The allegation quoted here from plaintiff's motion to vacate clearly must be deemed insufficient to preserve any errors for appellate review. Under the provisions of 12 O.S. 1981 § 991(b),2 as construed in Federal Corporation v. Independent School District No. 13, Pushmataha County, Okl. App., 606 P.2d 1141 [1978], plaintiff's motion was too vague and general to apprise the trial court meaningfully of the reasons on which relief was sought. Federal Corporation holds that a motion for new trial, couched in language similar to that used here will not preserve for review complaints about proper parties, their appearance, venue and attorney's fees.

While, under the provisions of § 991(b), a new trial motion is inefficacious unless its allegations inform the trial court of the specific defects in the antecedent judicial process which are to serve as grounds for re-examination sought by the aggrieved party, any lack of specificity in the language of a new trial motion will be regarded as effectively cured by record showing that, at the hearing on that motion, the movant, without any objection from the opposite party, precisely identified each point of law which is fairly comprised in the general allegations of the defective motion. See Rule 17, Rules for District Courts, 12 O.S. 1981 Ch. 2, App.

At the hearing on the "motion to vacate" the trial court was made aware, by the argument of counsel, of each specific defect invoked as a ground for new trial. Each defect relied on was fairly comprised within the general allegations of the motion to vacate. The ills sought to be remedied by the strict Federal Corporation standards clearly are not present here. The trial court had timely and ample opportunity to correct the specific errors generally alleged in the motion and later asserted on appeal. They were hence properly preserved for corrective process.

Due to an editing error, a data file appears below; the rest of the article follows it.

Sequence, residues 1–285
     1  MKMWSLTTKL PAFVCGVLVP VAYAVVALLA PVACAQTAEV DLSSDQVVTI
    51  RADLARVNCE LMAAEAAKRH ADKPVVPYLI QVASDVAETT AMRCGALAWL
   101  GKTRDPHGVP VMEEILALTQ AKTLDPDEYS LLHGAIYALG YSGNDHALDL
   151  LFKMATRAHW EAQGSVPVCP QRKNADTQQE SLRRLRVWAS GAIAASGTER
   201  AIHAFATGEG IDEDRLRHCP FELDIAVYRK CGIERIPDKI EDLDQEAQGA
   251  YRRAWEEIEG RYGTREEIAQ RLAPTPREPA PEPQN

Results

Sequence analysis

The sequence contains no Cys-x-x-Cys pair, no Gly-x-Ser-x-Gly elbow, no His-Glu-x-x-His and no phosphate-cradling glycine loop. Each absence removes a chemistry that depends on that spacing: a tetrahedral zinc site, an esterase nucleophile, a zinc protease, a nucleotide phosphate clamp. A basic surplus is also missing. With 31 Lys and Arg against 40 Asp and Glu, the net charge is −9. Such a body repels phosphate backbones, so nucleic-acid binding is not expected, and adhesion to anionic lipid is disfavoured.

The Court of Appeals opinion is amended, the trial court's judgment reversed and the cause remanded for further proceedings not inconsistent with either appellate pronouncement.


BARNES, C.J., and HODGES, J., dissent.


1. See Rules 1.12(c) 1 and 1.40(d), Rules on Perfecting a Civil Appeal, 12 O.S. 1981 Ch. 15, App. 2, in which the terms "new trial", "reconsideration", "rehearing", "re-examination" and "vacation" are treated as interchangeable.
2. The terms of 12 O.S. 1981 § 991(b) provide: "(b) If a motion for a new trial be filed and a new trial be denied, the movant may not, on the appeal, raise allegations of error that were available to him at the time of the filing of his motion for a new trial but were not therein asserted." [emphasis ours] The law is well settled that if a motion for new trial is filed and denied, the movant may not, on appeal, allege error which, though available to him at the time his motion was filed, was not asserted therein. Failure of the movant to do so places the issue beyond the reach of our review. Faulkenberry v. Kansas City Southern Railway Company, Okl., 661 P.2d 510, 513 [1983].


1000 Characters Remaining

Leagle.com reserves the right to edit or remove comments but is under no obligation to do so, or to explain individual moderation decisions.

User Comments

Listed below are the cases that are cited in this Featured Case. Click the citation to see the full text of the cited case. Citations are also linked in the body of the Featured Case.

Cited Cases

  • No Cases Found

Listed below are those cases in which this Featured Case is cited. Click on the case name to see the full text of the citing case.

Citing Cases